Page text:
UNITED STATES DISTRICT COURT CENTRAL DISTRICT OF CALIFORNIA
February 13, 2013
BEVER-LEIGH B. PENNEY, PLAINTIFF,
NDEX WEST LLC ET AL., DEFENDANT.
The opinion of the court was delivered by: Otis D. Wright, II United States District Judge
ORDER GRANTING DEFENDANT'S MOTION FOR SUMMARY JUDGMENT 
Plaintiff Bever-Leigh Penney's case is not unique among the litany of mortgage-foreclosure cases this Court and this district see and have seen on a regular basis since 2008. Penney fell upon hard times and was unable to make her full mortgage payments to her bank, Defendant Wells Fargo. Wells Fargo, through its agent, recorded a Notice of Default and Election to Sell Under Deed of Trust, thereby initiating the foreclosure process. Penney applied for a loan modification but was denied. She now alleges several fraud-based claims, contending that Wells Fargo promised not to refer her to foreclosure while her request was pending. Given that Wells Fargo warned Penney that the foreclosure process would have to continue once it began, all three of her claims fail as a matter of law. Consequently, the Court GRANTS Wells Fargo's Motion for Summary Judgment.
On May 19, 1998, Plaintiff obtained a fixed-rate mortgage loan for $269,500.00 from DiTech Funding Corporation; this loan was secured by a deed of trust encumbering the property located at 9404 Wayside Drive, Shadow Hills, California 91040. (RFJN Ex. A.) This property included two parcels of real property identified as APN 2549-016-001 ("Lot 001") and APN 2549-016-004 ("Lot 004"). (RFJN Ex. B.) In connection with the loan, Plaintiff executed a promissory note whereby she agreed to make fixed payments of $1,884.38 per month. (RFJN Ex. A; Penney Dep. 26:4--12, Sept. 20, 2012.)
DiTech assigned the Deed of Trust to GE Capital Mortgage Services who then ultimately assigned it to Wells Fargo on March 8, 2005. (RFJN Ex. C, D.) The assignment to Wells Fargo was recorded on April 6, 2005. (RFJN Ex. D.)
Between July 1, 2010, and November 16, 2010, Plaintiff made various mortgage payments totaling $9,026.01, including a $700.00 payment in August 2010 and a $550.00 payment in November 2010 (Penney Decl. Ex. 3), both of which fell below her fixed, $1,884.38 monthly payments. As of December 29, 2010, Plaintiff was in default on her mortgage in the amount of $15,192.28.*fn1 (Penney Decl. Ex. D.)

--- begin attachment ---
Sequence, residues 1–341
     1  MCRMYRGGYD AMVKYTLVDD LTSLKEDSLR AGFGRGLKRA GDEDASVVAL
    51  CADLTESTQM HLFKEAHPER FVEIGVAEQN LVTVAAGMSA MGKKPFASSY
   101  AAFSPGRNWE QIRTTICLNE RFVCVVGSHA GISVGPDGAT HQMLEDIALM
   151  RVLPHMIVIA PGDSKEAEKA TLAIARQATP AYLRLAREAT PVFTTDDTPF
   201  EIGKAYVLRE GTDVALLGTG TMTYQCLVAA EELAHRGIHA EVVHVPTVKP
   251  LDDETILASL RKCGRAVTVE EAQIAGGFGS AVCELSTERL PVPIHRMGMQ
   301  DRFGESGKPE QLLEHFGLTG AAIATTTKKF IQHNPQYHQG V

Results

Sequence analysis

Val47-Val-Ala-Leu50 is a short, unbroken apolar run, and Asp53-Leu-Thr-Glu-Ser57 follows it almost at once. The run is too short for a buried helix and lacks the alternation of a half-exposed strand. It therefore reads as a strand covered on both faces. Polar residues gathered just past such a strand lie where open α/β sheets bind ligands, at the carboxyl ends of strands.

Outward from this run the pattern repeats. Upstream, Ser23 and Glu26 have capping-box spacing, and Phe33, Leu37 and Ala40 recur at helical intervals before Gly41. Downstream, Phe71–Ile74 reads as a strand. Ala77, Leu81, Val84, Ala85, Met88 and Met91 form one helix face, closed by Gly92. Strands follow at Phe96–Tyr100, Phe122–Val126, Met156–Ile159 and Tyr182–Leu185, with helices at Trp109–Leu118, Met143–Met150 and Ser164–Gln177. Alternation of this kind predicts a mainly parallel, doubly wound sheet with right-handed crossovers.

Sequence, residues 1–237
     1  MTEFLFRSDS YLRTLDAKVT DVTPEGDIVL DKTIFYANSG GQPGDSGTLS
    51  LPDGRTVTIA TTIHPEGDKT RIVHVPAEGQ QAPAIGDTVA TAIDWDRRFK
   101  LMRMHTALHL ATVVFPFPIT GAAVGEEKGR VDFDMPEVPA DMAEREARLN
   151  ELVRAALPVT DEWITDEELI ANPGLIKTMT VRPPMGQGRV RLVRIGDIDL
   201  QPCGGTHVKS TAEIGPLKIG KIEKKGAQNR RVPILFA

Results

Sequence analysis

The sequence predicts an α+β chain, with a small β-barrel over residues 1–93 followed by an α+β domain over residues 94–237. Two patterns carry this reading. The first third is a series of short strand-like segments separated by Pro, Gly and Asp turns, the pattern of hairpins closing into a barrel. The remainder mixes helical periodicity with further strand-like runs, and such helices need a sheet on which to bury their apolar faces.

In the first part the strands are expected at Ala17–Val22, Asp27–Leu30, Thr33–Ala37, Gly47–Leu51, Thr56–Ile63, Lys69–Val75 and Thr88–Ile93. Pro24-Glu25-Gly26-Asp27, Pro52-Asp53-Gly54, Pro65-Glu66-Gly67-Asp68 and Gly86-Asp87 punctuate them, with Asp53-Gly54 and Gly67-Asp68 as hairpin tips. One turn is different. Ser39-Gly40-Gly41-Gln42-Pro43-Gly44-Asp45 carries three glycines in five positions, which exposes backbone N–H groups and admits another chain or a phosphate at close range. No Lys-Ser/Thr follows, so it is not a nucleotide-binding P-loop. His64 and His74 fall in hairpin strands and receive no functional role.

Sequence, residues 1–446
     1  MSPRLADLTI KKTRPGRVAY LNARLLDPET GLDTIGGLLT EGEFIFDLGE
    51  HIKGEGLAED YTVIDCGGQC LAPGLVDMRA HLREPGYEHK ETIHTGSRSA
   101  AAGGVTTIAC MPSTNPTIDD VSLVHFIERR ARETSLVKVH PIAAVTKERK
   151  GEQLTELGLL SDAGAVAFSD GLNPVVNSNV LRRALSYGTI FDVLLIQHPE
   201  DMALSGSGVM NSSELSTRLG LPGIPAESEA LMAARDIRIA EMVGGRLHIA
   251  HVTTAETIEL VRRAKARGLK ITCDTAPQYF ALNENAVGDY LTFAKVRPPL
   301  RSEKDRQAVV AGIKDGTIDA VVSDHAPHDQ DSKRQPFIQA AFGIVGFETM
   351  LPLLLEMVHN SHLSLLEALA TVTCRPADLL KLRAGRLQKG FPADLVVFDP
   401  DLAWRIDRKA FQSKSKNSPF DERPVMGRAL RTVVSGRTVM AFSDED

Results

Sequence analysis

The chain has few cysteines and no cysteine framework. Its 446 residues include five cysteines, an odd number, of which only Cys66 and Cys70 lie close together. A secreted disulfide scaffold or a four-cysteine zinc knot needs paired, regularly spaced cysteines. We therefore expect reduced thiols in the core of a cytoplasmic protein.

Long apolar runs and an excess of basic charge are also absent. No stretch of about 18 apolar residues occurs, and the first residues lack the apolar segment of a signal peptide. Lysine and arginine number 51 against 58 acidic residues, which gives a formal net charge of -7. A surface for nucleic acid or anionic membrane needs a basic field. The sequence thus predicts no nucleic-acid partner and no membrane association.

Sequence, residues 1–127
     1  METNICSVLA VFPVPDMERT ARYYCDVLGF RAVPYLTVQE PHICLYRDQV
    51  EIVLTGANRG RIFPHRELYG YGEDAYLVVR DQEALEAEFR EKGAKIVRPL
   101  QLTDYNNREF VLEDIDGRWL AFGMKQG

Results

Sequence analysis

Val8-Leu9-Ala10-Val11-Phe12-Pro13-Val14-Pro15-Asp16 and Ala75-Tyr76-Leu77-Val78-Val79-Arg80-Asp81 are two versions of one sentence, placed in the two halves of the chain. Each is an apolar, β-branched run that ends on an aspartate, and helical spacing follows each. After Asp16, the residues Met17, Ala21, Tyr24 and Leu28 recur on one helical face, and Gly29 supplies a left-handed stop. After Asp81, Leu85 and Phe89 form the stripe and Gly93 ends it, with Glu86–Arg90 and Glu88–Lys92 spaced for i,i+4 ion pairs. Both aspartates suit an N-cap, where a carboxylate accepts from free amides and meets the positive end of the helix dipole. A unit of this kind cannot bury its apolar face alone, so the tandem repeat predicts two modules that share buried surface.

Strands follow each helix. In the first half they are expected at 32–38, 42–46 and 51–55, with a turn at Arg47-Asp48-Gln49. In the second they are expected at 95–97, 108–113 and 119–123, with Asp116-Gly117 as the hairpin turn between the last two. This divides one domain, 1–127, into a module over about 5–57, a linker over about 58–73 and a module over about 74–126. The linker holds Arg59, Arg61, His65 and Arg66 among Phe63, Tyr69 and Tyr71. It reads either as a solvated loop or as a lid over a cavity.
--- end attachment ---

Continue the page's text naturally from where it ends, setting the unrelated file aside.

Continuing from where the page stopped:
On December 30, 2010, as a result of Plaintiff's default, a Notice of Default and Election to Sell Under Deed of Trust was recorded in the Los Angeles County Recorder's Office. (Id.)
The Notice of Default began, "If your property is in foreclosure because you are behind in your payments it may be sold without any court action . . . . No sale date may be set until three months from the date this Notice of Default may be recorded . . . ." (Id. at 1.) The Notice also made multiple references to foreclosure, such as "[w]hile your property is in foreclosure," "the obligation being foreclosed upon," "to stop the foreclosure," and "[n]othwithstanding the fact that your property is in foreclosure." (Id. at 1--2.)
Beginning in February 2011, Wells Fargo phone representatives initially informed Plaintiff that "no foreclosure proceedings would take place on Plaintiff's property, starting from the time Defendant Wells Fargo received an application from Plaintiff for a U.S. Government HAMP (Home Affordable Mortgage Program) loan modification, and continuing throughout the entire period of the loan modification process."
On February 7, 2011, Plaintiff listed the vacant portion of her lot, Lot 004, with a real-estate agent with the intent to sell the land in order to rectify the arrearage on her mortgage. (Penney Dep. 95:22--23; Harb Dep. 13:11--25, Nov. 12, 2012.) She received one offer, but no sale ever occurred. (Penney Dep. 97:1--5.) At no point did she attempt to sell the occupied portion of the property. (Id. at 97:15--22; Harb Dep. 14:1--2.)
Penney wrote to Wells Fargo requesting consideration for HAMP on both April 17 and July 15, 2011. (Penney Decl. Ex. T.)
In advance of her later written request for HAMP consideration, on both March 24 and April 9, 2011, Penney received identical letters and HAMP packets from Wells Fargo. (Penney Decl. Exs. A, B, Q, R.) The HAMP packet said, "While we're reviewing your information, your home will not be referred to foreclosure or sold at a foreclosure sale." (Id. at Exs. A, B.) But the letter stated, "During the HAMP evaluation process: If your loan has been previously referred to foreclosure, we are obligated* to continue the foreclosure process while it is evaluated for a HAMP modification." (Id. at Exs. Q, R.) The asterisk refers to a statement that the "decision to stop the foreclosure process or sale is made by the investor." (Id.)
On May 25, 2011, Wells Fargo's Loss Mitigation Department informed Penney that a trustee's sale had been scheduled for June 9, 2011. (Penney Decl. Ex. X.) However, no sale occurred on that date.
Wells Fargo sent another letter to Penney on June 30, 2011 that said, "As of the date of this letter your loan is in active foreclosure." (Id. at Ex. E.)
On April 2, 2012, a Home Preservation Specialist sent Penney a letter informing Penney that she did not meet the HAMP requirements because her "pending loan modification required approval from the investor that ultimately own[ed] [her] mortgage, and the investor . . . declined the request to modify [her] mortgage." (Id. at Ex. H.) The letter also said that if her mortgage had previously been referred to foreclosure, that process would move forward at that time. (Id.)